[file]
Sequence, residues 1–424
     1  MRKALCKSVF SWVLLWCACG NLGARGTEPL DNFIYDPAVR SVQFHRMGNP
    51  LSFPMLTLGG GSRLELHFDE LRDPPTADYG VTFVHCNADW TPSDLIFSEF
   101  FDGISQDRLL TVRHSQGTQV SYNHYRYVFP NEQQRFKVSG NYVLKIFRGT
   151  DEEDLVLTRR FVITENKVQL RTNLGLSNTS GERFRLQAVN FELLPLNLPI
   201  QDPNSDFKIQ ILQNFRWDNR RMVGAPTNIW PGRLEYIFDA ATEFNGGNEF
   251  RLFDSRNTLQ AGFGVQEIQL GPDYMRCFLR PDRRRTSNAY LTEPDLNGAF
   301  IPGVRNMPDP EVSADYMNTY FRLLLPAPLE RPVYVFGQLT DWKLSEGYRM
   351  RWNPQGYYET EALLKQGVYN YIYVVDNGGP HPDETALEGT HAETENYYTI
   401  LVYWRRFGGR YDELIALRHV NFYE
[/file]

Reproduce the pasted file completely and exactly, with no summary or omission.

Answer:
Sequence, residues 1–424
     1  MRKALCKSVF SWVLLWCACG NLGARGTEPL DNFIYDPAVR SVQFHRMGNP
    51  LSFPMLTLGG GSRLELHFDE LRDPPTADYG VTFVHCNADW TPSDLIFSEF
   101  FDGISQDRLL TVRHSQGTQV SYNHYRYVFP NEQQRFKVSG NYVLKIFRGT
   151  DEEDLVLTRR FVITENKVQL RTNLGLSNTS GERFRLQAVN FELLPLNLPI
   201  QDPNSDFKIQ ILQNFRWDNR RMVGAPTNIW PGRLEYIFDA ATEFNGGNEF
   251  RLFDSRNTLQ AGFGVQEIQL GPDYMRCFLR PDRRRTSNAY LTEPDLNGAF
   301  IPGVRNMPDP EVSADYMNTY FRLLLPAPLE RPVYVFGQLT DWKLSEGYRM
   351  RWNPQGYYET EALLKQGVYN YIYVVDNGGP HPDETALEGT HAETENYYTI
   401  LVYWRRFGGR YDELIALRHV NFYE